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Public Citizen Calls on Largest Voting Machine Vendor to Stop Selling Machines That Connect to the Internet, Increase Costs to Taxpayers

July 26, 2018

Public Citizen Calls on Largest Voting Machine Vendor to Stop Selling Machines That Connect to the Internet, Increase Costs to Taxpayers

Modems Make Machines Vulnerable to Hacking and Fail to Meet Federal Standards

WASHINGTON, D.C. – Election Systems and Software (ES&S) must stop selling vote counting machines with modems because they make such machines vulnerable to hacking, Public Citizen said today in a letter (PDF) to the Nebraska-based company. In addition, Public Citizen called on the company to remove remote access software from machines it already has sold.

“ES&S has made American democracy even more vulnerable to a growing and unprecedented threat of hacking by entities both foreign and domestic,” said Aquene Freechild, Democracy Is For People Campaign co-director. “Instead of apologizing and addressing concerns from the intelligence community, Congress, election officials and concerned citizens, ES&S is selling voting machines with modems to connect them to the internet.”

On its website, the company advertises modems as a key feature of its popular DS200 ballot scanners. But in fact, the modems are an optional add-on and with them the machines do not meet U.S. Election Assistance guidelines. In addition to being a security risk, the modems aren’t cheap, costing $249 a piece according to an ES&S contract with Michigan counties (PDF) from 2017. Some counties buy hundreds of these machines at a time, and these charges are paid for by tax-payers. 

ES&S is the largest voting system vendor in the U.S. market and provides voting systems for 43.8 percent of U.S. voters, according to a 2017 report (PDF) by the Wharton School of Business.

A second concern is that some ES&S machines contain software that enables technicians to access the machines remotely. According to a Motherboard article, ES&S admitted in a letter to U.S. Sen. Ron Wyden (D-Ore.) that it installed the remote access software pcAnywhere in machines sold between 2000 and 2007, although the company said it has not done so since 2008.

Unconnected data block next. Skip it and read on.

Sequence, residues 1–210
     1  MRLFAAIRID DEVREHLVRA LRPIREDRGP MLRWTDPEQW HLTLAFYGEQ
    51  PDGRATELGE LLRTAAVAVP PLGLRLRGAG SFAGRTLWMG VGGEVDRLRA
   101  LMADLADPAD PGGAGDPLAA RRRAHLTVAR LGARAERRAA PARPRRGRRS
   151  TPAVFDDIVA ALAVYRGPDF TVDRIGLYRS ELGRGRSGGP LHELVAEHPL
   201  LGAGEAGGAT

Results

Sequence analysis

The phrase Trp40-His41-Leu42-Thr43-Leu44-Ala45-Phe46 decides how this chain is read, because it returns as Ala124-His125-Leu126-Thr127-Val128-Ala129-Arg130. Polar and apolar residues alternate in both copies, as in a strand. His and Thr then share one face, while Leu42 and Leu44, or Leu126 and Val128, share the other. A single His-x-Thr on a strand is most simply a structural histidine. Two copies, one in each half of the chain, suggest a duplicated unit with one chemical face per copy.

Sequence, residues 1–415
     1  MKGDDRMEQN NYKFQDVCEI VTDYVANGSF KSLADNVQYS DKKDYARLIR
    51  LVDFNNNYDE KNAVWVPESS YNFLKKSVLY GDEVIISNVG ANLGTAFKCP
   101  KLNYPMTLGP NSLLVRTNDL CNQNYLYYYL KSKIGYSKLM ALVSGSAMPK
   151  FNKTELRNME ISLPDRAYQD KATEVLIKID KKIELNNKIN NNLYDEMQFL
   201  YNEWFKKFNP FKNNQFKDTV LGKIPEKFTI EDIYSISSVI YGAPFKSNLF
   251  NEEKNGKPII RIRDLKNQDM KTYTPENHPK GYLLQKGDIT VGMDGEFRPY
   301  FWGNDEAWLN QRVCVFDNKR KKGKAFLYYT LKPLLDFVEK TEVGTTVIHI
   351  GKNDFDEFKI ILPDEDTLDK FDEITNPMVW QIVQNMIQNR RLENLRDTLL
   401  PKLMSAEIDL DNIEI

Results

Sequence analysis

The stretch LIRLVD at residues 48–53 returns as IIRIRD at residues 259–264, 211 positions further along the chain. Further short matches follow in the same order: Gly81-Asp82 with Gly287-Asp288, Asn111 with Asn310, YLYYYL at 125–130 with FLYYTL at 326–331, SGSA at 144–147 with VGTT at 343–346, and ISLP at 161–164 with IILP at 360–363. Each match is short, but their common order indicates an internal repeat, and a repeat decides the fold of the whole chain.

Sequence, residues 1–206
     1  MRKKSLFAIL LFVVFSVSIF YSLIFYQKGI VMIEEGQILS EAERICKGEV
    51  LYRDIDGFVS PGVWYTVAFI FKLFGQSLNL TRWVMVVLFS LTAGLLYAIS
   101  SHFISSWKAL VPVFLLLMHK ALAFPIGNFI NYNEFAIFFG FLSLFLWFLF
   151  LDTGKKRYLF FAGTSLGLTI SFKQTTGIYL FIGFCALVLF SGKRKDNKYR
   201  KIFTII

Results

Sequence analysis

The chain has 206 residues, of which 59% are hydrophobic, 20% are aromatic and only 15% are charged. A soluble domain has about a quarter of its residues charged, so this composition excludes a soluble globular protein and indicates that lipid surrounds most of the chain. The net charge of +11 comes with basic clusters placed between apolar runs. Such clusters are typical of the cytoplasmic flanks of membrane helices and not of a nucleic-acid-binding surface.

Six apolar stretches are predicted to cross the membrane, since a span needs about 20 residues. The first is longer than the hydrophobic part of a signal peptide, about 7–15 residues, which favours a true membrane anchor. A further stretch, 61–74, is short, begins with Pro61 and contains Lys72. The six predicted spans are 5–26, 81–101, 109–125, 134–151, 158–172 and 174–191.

Allowing remote access also makes the machines vulnerable to hacking in general, as the pcAnywhere software contains flaws that could allow unauthorized actors to take control of the machines. The source code for pcAnywhere was stolen by hackers in 2006 and posted online in 2012, leading the software developer to call on users to uninstall pcAnywhere while a patch was developed.  Such hacks illustrate the danger of creating remote access “back doors” in voting systems. For that reason, Public Citizen is calling on ES&S to remove the software from every voting system still in use. If removing the software is not possible, the company should compensate election officials who may need to purchase new machines without this security vulnerability.

Public Citizen sent the letter to elections officials in all 50 states, calling on them to ensure their voting machines do not have modems or remote access software installed, especially after foreign actors took a documented interest in U.S. voting machines during the 2016 elections.

Why Modems Pose a Security Risk
Modems provide a connection to the internet and cell networks that make voting machines more vulnerable to hacking. A common talking point in defense of current voting systems is that they are “air-gapped,” which means that the machines are not connected to the internet, cell networks or other machines, and thus less vulnerable to cyberattacks from those sources.